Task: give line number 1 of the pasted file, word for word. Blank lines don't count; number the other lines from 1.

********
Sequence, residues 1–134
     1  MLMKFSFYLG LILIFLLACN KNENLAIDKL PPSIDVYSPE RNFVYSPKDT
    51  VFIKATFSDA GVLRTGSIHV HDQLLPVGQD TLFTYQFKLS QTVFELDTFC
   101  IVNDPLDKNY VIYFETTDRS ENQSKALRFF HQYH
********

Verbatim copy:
Sequence, residues 1–134